McVICAR, KATE (Katie), shoe worker and union leader; b. c. 1856 at Hamilton, Canada West; d. there 18 June 1886.
Katie McVicar, daughter of a poor Scottish tinsmith and his English-born wife, joined two older sisters in the Hamilton labour force in the early 1870s. Like most women who went into factory work in the late 19th century, she began as a single woman, living at home, in order to augment her family’s income. However, unlike most, she remained single and continued to live at home until her early death at the age of 30. Her comparative longevity as a factory operative accounts to some degree for her emergence as a prominent leader in the Knights of Labor.
The Knights, with their broad vision of unionizing all workers regardless of gender, race, or level of skill, were extremely active in organizing women throughout North America. The order’s first local assemblies in Hamilton were created in April 1882, and by December it was actively trying to recruit women. The following year a series of letters appeared in the Palladium of Labor, the organ of the Knights of Labor in Hamilton, which spoke eloquently of the need to organize women in factories and domestic service, and described at the same time the sizeable problems involved in unionizing them. These letters were signed “A Canadian Girl,” probably a pseudonym for Katie McVicar. The author argued that the techniques used in organizing men – holding mass meetings, mounting platforms, and making speeches – would never work for women. Instead she appealed for a few courageous women to come forward and meet with their brother Knights to secure aid.
This plea was answered in the Palladium by “A Knight of Labor” who suggested careful, secret discussion among female shop-mates, until ten who favoured forming an assembly had been identified. At that point they should contact him through the Palladium. He would then arrange a secret meeting to explain the Knights’ principles to the women and to organize them formally into a local assembly. The order’s operation as a secret society made it a particularly valuable vehicle for women, he argued, since it allowed them to avoid public notoriety and thus would protect their modesty.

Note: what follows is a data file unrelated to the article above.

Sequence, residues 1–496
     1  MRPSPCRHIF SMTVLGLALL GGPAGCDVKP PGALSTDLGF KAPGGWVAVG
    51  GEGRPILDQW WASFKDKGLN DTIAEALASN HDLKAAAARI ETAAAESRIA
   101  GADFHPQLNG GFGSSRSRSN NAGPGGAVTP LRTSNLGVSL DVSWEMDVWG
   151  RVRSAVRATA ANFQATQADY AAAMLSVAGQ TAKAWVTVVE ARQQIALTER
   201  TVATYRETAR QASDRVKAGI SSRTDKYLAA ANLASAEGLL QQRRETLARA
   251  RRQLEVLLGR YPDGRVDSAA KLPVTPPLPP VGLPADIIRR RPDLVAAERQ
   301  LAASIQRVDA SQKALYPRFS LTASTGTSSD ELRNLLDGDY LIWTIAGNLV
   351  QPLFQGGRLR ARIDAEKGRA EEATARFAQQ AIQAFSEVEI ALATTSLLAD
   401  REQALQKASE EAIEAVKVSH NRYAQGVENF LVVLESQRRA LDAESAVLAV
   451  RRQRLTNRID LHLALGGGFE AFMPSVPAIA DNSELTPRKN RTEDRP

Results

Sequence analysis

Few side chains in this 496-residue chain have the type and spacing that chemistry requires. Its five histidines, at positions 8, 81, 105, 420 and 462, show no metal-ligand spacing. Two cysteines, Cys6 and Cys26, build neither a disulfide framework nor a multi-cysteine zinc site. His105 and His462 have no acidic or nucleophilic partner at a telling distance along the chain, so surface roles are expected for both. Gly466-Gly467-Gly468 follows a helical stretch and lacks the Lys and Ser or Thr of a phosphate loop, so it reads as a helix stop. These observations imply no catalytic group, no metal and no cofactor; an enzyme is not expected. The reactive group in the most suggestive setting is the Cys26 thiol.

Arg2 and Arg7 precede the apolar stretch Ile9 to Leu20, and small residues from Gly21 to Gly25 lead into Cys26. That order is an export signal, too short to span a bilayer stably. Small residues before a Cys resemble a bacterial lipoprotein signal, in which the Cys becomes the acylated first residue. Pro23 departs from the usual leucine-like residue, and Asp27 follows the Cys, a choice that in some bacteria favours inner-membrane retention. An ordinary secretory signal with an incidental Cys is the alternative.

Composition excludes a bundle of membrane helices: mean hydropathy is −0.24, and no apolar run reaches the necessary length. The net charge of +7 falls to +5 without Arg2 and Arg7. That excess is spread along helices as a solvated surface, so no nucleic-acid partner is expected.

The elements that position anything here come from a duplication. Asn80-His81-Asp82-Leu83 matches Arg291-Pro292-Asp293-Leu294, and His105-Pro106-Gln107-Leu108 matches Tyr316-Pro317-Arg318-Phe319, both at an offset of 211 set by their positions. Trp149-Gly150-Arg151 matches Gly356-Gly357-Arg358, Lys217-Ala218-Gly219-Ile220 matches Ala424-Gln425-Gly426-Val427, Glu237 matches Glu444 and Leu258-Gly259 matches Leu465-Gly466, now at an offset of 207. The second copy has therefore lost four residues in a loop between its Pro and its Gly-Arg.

Women, under the leadership of McVicar, must have followed this advice. In January 1884, local assembly 3040, which included female textile workers and shoe operatives, was formed in Hamilton. In April of that year, the female shoe operatives split and formed their own Excelsior Assembly (local assembly 3179), the first local in Canada comprised exclusively of women, with McVicar as directress. Although the number of women who belonged to the two assemblies actually declined from 221 in 1884 to 67 in 1885, the Knights organized at least eight other women’s locals in Ontario in the 1880s and involved many other women workers in integrated locals. The first female representatives at the Trades and Labor Congress of Canada, beginning in 1886, were all Knights of Labor.
Katie McVicar’s leadership of local assembly 3179 gave her an unusual prominence in the Hamilton labour force and it appears that after her death other members of Excelsior were not willing to replace her. Local assembly 3179 applied in 1887 and 1888 for special dispensation from the parent body to allow a brother Knight from local assembly 2132 (shoemakers) to function as their master workman. McVicar’s death deprived the order in Ontario of one of the few capable female leaders who was willing to play a public role.
Catholic Univ. of America Arch. (Washington), Terence V. Powderly papers (mfm. at PAC). York Univ. (Downsview, Ont.), York Social Hist. Project, Data file on Hamilton Knights of Labor, Record of proc. of the General Assembly (Philadelphia), 1883–86. Trade and Labor Congress of Canada, Report of proc. ([Ottawa]), 1886–91. Hamilton Spectator, 19 June 1886. Journal of United Labor (Philadelphia), 25 April 1886. Labor Reformer (Toronto), 26 June 1886. Palladium of Labor (Hamilton, Ont.), 29 Sept., 6, 13, 20 Oct., 3, 10 Nov. 1883. Times (Hamilton), 24 June 1886. J. E. Garlock, “A structural analysis of the Knights of Labor: a prolegomenon to the history of the producing classes”